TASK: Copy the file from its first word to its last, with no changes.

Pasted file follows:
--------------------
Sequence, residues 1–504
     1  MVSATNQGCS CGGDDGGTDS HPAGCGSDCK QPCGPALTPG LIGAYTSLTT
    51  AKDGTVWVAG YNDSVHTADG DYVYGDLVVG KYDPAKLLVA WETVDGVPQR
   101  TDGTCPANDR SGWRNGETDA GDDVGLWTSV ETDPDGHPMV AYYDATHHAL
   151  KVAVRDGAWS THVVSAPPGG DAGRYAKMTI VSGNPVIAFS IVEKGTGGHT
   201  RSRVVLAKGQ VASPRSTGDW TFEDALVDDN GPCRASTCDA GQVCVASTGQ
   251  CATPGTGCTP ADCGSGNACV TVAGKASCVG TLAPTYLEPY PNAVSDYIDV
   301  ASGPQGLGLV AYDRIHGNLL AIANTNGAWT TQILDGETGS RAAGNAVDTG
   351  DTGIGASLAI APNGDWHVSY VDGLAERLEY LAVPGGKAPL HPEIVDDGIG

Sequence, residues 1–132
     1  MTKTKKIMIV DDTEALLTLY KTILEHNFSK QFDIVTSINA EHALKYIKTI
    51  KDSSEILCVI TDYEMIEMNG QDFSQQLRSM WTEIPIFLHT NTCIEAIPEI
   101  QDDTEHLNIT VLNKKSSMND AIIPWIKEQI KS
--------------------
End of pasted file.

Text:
Sequence, residues 1–504
     1  MVSATNQGCS CGGDDGGTDS HPAGCGSDCK QPCGPALTPG LIGAYTSLTT
    51  AKDGTVWVAG YNDSVHTADG DYVYGDLVVG KYDPAKLLVA WETVDGVPQR
   101  TDGTCPANDR SGWRNGETDA GDDVGLWTSV ETDPDGHPMV AYYDATHHAL
   151  KVAVRDGAWS THVVSAPPGG DAGRYAKMTI VSGNPVIAFS IVEKGTGGHT
   201  RSRVVLAKGQ VASPRSTGDW TFEDALVDDN GPCRASTCDA GQVCVASTGQ
   251  CATPGTGCTP ADCGSGNACV TVAGKASCVG TLAPTYLEPY PNAVSDYIDV
   301  ASGPQGLGLV AYDRIHGNLL AIANTNGAWT TQILDGETGS RAAGNAVDTG
   351  DTGIGASLAI APNGDWHVSY VDGLAERLEY LAVPGGKAPL HPEIVDDGIG

Sequence, residues 1–132
     1  MTKTKKIMIV DDTEALLTLY KTILEHNFSK QFDIVTSINA EHALKYIKTI
    51  KDSSEILCVI TDYEMIEMNG QDFSQQLRSM WTEIPIFLHT NTCIEAIPEI
   101  QDDTEHLNIT VLNKKSSMND AIIPWIKEQI KS